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Two shorties and a lavender shortie

If I could bottle what Sian has, I would.  And I’d sell it and make a killing. The views, the lifestyle, the sea air…. In the four hours I spent there we didn’t need to move far from the house to see the beauty of a quiet island everywhere you turned.  In fact, I can honestly say I left green with envy.  Although very sociable, I love my solitude and this would be an ideal spot.  Far enough away from the world to enjoy peace and privacy and near enough to Stromness to hop on a boat and rejoin the rest of Orkney.

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We had an enjoyable walk around her garden in the sunshine and I managed to snaffle some of her plants to relocate to mine.  🙂

 

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A walled garden with the sea and Hoy hills in view

 

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Sian even has the choice of two private beaches and a walk to the lighthouse pier. You don’t feel lonely as Stromness is visible from her house.

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Stromness from Graemsay

The visit was over too soon and I need to invite myself  go back as we ran out of time for a drive around the island.  I’d like to visit the old church for example.  But the short time I was there was breathtaking.  On the journey home the boat goes first to Hoy before returning to Stromness so I managed to see the other lighthouse (I’ m a big fan) and the boat was much fuller, presumably with many sightseers who make day trips in the summer months.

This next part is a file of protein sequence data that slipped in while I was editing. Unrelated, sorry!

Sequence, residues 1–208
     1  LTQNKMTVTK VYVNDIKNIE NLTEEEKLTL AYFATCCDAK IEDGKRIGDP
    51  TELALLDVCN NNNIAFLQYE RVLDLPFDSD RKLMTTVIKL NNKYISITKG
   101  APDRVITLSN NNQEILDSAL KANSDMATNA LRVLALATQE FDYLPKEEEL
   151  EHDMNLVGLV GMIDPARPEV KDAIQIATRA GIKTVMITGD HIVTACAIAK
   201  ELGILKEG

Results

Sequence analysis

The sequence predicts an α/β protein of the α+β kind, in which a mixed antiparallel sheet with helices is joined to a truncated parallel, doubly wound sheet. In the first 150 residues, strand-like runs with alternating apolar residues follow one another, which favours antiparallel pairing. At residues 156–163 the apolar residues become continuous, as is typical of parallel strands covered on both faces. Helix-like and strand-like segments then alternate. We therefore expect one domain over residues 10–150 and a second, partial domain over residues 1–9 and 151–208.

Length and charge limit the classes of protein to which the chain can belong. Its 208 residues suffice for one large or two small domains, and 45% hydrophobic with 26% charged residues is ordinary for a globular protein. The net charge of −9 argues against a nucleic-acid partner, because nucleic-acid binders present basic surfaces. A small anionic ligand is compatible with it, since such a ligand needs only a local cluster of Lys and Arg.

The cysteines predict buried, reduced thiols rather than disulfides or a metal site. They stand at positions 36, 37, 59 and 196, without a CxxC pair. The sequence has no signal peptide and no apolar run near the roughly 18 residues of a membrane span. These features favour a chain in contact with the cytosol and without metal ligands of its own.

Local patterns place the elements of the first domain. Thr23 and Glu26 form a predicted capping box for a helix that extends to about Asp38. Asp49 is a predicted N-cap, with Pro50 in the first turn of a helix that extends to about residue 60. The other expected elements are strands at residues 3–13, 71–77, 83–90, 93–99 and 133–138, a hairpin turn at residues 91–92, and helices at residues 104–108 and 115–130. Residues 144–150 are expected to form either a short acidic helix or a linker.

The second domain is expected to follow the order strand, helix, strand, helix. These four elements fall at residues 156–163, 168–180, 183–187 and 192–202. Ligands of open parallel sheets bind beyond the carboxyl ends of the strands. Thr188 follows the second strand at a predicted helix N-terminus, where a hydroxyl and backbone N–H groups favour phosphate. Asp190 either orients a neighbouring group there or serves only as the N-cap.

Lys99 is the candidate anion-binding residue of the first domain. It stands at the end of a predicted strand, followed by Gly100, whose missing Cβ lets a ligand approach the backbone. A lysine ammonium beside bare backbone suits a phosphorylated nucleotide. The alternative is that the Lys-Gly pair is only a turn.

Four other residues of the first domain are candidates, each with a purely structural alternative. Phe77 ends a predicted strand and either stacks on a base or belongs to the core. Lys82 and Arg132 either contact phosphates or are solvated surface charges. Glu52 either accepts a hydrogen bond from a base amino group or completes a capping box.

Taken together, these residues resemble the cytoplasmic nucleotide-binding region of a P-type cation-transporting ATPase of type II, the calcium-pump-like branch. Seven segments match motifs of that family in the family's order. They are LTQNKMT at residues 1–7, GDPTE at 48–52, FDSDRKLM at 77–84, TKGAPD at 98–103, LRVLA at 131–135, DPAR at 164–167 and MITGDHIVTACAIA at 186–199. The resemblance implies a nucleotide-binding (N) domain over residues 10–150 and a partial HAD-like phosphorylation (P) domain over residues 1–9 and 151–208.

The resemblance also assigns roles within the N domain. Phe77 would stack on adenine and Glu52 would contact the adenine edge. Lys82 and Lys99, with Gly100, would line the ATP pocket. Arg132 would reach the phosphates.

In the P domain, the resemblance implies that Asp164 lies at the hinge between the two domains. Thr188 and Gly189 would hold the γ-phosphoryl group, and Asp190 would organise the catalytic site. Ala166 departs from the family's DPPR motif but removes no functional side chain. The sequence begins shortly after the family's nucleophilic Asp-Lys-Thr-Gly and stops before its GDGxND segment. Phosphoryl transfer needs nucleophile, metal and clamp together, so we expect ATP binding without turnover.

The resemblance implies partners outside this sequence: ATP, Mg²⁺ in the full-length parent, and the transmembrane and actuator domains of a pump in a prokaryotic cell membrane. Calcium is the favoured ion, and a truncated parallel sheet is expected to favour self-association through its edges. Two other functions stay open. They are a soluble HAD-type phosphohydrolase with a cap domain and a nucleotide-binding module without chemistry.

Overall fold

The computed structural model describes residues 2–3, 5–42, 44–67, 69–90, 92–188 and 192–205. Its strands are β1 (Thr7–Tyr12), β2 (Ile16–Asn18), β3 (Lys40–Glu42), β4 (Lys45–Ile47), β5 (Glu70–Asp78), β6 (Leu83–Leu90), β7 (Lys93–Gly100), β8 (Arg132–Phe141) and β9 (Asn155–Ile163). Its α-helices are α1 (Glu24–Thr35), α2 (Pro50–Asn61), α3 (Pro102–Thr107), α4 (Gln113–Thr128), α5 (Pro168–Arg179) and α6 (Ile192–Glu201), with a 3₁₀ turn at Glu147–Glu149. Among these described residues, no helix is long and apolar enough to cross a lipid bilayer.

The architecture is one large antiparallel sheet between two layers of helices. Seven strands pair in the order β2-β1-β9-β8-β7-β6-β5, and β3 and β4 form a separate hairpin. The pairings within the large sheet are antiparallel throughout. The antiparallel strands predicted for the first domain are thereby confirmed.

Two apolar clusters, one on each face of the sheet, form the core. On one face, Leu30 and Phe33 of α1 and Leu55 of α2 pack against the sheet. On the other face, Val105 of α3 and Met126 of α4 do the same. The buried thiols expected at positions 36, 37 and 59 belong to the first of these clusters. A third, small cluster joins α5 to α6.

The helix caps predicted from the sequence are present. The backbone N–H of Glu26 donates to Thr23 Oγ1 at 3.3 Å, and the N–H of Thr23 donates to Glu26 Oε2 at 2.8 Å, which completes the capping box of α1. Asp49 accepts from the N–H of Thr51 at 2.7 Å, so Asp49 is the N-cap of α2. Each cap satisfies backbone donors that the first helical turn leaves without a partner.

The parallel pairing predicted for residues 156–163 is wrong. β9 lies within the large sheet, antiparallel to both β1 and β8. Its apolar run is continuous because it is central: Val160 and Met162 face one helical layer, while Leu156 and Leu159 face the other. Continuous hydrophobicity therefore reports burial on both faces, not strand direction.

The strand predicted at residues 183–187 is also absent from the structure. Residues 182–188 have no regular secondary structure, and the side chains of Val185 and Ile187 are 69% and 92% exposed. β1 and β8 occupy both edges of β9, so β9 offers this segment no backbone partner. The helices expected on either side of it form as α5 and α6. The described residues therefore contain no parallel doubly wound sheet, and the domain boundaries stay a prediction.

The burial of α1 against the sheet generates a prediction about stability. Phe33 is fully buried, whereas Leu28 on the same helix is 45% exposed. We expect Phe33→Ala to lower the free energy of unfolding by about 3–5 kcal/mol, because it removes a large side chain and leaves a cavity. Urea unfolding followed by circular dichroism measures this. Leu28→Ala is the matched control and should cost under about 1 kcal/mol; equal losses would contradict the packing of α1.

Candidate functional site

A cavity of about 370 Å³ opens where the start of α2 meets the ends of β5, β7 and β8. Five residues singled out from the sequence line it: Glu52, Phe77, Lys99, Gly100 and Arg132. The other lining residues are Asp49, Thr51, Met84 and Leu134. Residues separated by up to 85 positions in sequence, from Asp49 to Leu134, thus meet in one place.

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The ‘short dumpy’ Graemsay lighthouse
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Returning home and the Hamnavoe making her way through Hoy Sound

Maybe I’m romanticizing too much, but for me I think if I had a different set up from my current one, I’d love it. There are no shops in Graemsay, no restaurants, B&Bs and only 23 residents – 6 of them children. But with careful planning and thanks to a regular boat service, it’s manageable. I just need to find a way to boot Sian out of her house so I can move in.  Sleep with one eye open Sian 😉

You can see Sian’s blog and more pictures and stories about Graemsay life if you click the link here


6 thoughts on “Notes From An Even Smaller Island

  1. Very nice post, Sarah! I really love reading your island stories with all the great pics! Again I lucked out finally seeing THE ORKNEYS 😉😎 from above last Monday on my way to Portland, initially it looked like a direct flyover but then we passed a tad too north to see anything 😡. Enjoy your mini vacation ! Marcus

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  2. Looks like your island hopping at the moment ,pity the weather was no better .Sounds like you enjoyed in spite o that .Its always people and scenery that makes it Anyhow

    Liked by 1 person